A lovely book I’ve owned for a while, The Creative Family, recommends making gratitude a regular part of our days as a way to fill our creative cups. Although I totally agree with the concept (in fact, there’s more than enough research linking happiness and gratitude – this guy reckons sending 5 emails will do the trick), I just haven’t gotten around to implementing this in a concrete way in my life until now.
In undertaking this bus project though, we have been utterly drenched in the generosity of others. As a New Zealander, I’ve always felt that people do harp on a bit about the good old kiwi “Can Do” attitude, and about how friendly and generous we are. In coming back from living in Germany, however, I’ve been able to look at these adages afresh, and you know what? They’re true! They’re absolutely true. Given the chance, kiwis will more often go out of their way to help you than not.
In fact, we have received so much kindness from family, friends and relative strangers, that I’ve decided to post once a week about the people to whom we are grateful.
Gratitude #1: Grum
Graeme Frith, or Grummy, as he’s usually called, is a long time friend of my family. I’ve acted alongside him in the local plays here in Hanmer, he’s the father of my school friend and first pre-teen crush, Paul, but to be honest, in recent years I haven’t personally had much to do with him at all.
So when we decided to buy Liberty, sight unseen, from Whakatane, without the appropriate drivers license to get her the 15 hours and a ferry crossing back to Hanmer, I thought it a bit of a stretch of Mum to say that Grummy probably wouldn’t mind picking her up for us.
I made the phone call however, and sure enough Grum came back with “yeah, no worries”, as if I’d just asked him to pass the peas, please. He does enjoy an adventure though (he’s just about to spend a couple of years cycling round the world), and brought her down for us in one, glorious (if a little bouncy without seats to weigh her down) piece.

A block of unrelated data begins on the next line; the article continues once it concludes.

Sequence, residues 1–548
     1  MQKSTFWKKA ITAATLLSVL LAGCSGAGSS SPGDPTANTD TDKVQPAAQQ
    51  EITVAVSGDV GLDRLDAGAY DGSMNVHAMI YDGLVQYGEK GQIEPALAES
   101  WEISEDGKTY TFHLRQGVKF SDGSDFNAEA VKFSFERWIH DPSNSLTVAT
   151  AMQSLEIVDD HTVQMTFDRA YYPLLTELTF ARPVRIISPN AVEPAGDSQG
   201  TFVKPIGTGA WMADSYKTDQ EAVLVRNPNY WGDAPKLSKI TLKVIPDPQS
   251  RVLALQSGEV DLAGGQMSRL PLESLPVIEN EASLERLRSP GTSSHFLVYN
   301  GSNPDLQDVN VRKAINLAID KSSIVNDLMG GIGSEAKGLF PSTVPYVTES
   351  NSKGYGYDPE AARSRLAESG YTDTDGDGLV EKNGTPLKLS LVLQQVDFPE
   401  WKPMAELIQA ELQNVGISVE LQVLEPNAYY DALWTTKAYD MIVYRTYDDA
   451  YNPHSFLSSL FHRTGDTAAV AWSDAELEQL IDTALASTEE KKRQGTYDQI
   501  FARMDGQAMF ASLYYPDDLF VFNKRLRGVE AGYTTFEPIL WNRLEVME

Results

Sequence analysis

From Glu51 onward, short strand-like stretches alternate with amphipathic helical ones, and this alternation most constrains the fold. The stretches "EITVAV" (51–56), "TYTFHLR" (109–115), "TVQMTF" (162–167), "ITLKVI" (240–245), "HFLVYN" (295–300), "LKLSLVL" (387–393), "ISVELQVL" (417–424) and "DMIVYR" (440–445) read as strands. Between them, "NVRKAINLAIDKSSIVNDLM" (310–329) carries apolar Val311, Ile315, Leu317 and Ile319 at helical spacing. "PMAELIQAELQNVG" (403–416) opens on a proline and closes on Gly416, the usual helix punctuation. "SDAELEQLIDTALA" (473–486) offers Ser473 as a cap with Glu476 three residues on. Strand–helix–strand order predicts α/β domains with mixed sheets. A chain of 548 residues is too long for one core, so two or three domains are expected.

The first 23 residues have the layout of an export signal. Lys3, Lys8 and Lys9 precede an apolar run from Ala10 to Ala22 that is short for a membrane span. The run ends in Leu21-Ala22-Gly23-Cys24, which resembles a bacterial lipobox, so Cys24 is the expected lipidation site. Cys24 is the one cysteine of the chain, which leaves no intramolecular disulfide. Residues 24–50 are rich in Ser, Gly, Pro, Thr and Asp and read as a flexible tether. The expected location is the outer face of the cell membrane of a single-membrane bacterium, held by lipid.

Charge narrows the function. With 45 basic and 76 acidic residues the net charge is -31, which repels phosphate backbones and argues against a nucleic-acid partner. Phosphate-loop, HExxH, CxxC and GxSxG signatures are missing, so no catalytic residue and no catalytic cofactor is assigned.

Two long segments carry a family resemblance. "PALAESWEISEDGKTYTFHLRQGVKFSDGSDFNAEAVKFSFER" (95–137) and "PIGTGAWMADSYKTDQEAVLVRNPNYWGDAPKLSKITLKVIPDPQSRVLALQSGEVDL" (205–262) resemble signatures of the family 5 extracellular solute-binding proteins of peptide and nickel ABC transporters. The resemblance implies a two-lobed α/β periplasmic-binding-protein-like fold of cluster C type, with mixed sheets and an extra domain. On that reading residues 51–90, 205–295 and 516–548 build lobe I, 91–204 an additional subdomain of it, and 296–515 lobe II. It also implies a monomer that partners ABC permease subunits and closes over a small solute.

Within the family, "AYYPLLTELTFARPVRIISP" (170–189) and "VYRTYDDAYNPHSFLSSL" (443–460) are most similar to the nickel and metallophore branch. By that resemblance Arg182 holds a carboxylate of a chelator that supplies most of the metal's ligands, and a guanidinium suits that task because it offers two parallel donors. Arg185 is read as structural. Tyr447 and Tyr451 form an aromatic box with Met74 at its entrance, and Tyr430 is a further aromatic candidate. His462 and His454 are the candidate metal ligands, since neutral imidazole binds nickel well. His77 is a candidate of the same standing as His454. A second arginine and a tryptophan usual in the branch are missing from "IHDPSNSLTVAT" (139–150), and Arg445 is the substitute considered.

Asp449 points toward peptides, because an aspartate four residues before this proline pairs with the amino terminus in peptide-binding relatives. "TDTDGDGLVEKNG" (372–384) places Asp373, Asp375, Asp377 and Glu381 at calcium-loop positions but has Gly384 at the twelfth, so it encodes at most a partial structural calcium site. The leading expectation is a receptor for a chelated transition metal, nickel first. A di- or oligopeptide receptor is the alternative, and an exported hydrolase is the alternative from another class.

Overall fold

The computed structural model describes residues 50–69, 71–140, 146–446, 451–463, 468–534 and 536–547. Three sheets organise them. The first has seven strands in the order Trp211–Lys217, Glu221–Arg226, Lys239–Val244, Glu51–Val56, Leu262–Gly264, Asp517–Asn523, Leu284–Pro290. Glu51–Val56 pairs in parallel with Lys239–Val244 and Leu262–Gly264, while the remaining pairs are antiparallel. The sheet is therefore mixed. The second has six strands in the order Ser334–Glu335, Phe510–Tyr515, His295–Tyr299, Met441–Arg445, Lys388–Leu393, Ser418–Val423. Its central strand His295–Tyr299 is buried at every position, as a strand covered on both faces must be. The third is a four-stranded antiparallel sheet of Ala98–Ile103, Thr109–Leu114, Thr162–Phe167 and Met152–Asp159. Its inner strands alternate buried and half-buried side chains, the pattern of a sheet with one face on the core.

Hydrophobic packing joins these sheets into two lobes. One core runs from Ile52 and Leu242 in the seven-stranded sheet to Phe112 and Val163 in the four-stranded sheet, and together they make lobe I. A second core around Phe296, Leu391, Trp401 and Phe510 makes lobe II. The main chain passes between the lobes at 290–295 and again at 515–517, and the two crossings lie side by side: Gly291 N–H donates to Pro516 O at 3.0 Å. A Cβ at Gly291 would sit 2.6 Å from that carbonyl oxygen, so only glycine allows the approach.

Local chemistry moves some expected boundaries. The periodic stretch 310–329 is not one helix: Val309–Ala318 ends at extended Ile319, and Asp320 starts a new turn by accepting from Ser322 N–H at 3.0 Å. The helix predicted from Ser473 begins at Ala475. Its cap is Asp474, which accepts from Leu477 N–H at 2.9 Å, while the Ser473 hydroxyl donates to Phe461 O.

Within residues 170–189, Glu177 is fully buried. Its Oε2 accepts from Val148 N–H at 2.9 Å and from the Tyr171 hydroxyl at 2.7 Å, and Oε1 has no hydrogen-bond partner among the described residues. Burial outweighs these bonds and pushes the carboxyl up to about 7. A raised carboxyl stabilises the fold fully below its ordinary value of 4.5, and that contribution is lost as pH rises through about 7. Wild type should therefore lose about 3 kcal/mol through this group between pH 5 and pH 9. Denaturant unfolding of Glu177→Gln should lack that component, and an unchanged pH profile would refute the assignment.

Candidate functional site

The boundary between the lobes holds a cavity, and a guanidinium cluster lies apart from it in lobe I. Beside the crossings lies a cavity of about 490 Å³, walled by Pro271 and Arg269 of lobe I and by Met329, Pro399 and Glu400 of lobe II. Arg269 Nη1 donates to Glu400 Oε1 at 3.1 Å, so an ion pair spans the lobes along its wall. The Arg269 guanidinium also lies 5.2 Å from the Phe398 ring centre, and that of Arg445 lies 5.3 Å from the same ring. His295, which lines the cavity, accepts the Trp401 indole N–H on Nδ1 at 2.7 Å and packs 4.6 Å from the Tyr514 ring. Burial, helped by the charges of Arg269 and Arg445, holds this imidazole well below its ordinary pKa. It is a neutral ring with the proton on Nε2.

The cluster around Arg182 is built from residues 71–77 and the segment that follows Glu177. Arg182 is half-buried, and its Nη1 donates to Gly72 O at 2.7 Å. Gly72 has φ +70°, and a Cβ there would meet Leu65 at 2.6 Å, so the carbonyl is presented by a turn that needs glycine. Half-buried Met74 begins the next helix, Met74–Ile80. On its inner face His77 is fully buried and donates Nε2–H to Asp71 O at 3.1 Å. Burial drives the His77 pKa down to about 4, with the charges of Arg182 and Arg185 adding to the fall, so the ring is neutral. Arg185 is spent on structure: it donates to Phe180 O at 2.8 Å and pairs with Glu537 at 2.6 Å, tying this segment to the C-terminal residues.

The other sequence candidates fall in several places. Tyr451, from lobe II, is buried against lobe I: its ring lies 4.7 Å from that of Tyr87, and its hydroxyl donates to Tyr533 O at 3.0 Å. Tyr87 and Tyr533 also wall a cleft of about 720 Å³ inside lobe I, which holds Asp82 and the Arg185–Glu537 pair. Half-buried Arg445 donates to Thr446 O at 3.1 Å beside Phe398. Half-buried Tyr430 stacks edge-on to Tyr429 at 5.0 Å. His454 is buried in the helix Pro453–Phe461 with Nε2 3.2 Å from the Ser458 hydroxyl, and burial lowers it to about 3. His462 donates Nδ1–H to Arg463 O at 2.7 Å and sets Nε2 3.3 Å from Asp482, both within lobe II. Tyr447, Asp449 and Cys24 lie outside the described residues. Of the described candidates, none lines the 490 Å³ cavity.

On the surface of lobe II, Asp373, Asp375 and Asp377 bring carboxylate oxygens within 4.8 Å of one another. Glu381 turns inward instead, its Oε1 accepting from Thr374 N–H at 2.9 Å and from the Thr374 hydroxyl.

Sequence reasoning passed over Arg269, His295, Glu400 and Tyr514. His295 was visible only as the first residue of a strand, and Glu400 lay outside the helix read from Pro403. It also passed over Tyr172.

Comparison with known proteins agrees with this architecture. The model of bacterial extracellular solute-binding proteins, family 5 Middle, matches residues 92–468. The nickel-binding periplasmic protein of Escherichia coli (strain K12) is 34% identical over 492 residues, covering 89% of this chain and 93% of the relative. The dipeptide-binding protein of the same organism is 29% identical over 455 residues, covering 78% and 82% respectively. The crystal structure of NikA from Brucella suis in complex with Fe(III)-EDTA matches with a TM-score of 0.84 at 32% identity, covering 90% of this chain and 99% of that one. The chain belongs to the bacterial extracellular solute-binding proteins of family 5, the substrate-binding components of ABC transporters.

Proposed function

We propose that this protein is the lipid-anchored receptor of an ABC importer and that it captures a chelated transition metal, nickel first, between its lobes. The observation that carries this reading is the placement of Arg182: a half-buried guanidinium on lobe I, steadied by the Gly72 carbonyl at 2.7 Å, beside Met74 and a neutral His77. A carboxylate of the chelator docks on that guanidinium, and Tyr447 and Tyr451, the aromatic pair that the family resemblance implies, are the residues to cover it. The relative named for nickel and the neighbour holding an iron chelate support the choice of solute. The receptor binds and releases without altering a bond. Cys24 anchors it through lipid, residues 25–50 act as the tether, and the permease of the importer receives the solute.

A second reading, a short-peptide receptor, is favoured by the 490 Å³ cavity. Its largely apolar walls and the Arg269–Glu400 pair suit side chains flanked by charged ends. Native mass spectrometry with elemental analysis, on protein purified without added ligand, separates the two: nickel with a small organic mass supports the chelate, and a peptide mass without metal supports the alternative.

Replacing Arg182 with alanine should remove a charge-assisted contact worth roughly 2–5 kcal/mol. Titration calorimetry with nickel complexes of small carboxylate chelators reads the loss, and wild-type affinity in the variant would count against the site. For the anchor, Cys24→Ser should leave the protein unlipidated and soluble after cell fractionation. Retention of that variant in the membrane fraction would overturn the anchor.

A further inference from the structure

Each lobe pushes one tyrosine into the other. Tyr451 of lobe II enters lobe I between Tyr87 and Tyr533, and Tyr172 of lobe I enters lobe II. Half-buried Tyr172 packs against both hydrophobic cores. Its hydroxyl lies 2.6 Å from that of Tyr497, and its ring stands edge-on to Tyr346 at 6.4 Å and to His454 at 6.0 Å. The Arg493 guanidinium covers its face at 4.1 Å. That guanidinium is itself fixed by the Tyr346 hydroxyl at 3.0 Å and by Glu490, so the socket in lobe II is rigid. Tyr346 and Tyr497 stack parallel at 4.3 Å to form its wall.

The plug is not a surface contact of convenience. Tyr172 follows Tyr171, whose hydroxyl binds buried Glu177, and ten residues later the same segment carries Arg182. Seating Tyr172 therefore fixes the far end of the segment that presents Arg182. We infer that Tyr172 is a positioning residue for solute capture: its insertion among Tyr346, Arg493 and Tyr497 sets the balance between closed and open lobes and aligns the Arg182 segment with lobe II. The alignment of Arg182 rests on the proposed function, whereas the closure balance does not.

Since then, he’s also driven her to Christchurch for water tanks, and back to Amberley for electrics. Now Thomas and I have our heavy vehicle licences, so we won’t need Grum’s driving expertise anymore. His extensive knowledge of New Zealand, and all the wonderful, secret places to discover however… I think we’ll be calling on this man again before we hit the road.
Thanks Grummy for being such a generous, friendly, helpful, all round great guy!
I’m just reading a novel about a hundred year old person climbing out a window to escape into a more exciting life.
Reminded me of our bus floor. The Rimu for our floor boards came out of the woods at least about 100 years ago, and was then used as timber in the roof of the St Helen’s Homestead, which was built in 1917. We were so lucky that the current owners, who are restoring the place, have not just thrown out all that timber, and let us go through their wood pile.
Denailed and brandspankingly remachined, the Rimu is now destined to embark on a tour around the whole country – I can only imagine what it must feel like, covering so much ground after a lifetime of slumber.
All the way back in November we had went through the wood pile like bark beetles through bast fibres (yeah?) and salvaged about 150 linear meters. Taking out what felt like 5000 nails, but probably just was 500, and cutting out bad bits took the good part of two days. But it was so exciting, and fortunately family friend and carpenter Chris suggested getting them remachined at some outfit in Belfast (Christchurch) rather then planing and thicknessing them ourselves. And that was totally worth the money, which worked out to be about $1.70 per meter. It felt like Christmas, Easter and Nikolaus day had all rolled into one when I went to pick it up, all smooth, taken down to 15mm, and with tongue and groove.
Before and after
We couldn’t have been much more stokeder about how it all turned out. And, it was so much fun to work with!
Without much further ado, here it is:
Spot the difference? Right! The second one has that wooden door leaning against the back, instead of a piece of styrofoam.
How we got here
Our idea was to go for a bachy look, so it had to be wood. We quickly decided on white so it doesn’t feel heavy.
While at it, we also had to make use of the chance to add another layer of insulation and to lay the basic 24V circuits across the ceiling for lights. For a little while, our bus looked a bit like an airstream turned outside in.
Anyway, nothing a little grooved ply painted white can’t fix!
That’s the ceiling mostly done.
So finally, let’s talk Tacheles, as they say in Germany! To slowly catch up with the status quo, we’d like to show you the first steps of progress in our bus, up to where we’ve created a (not so) clean canvas.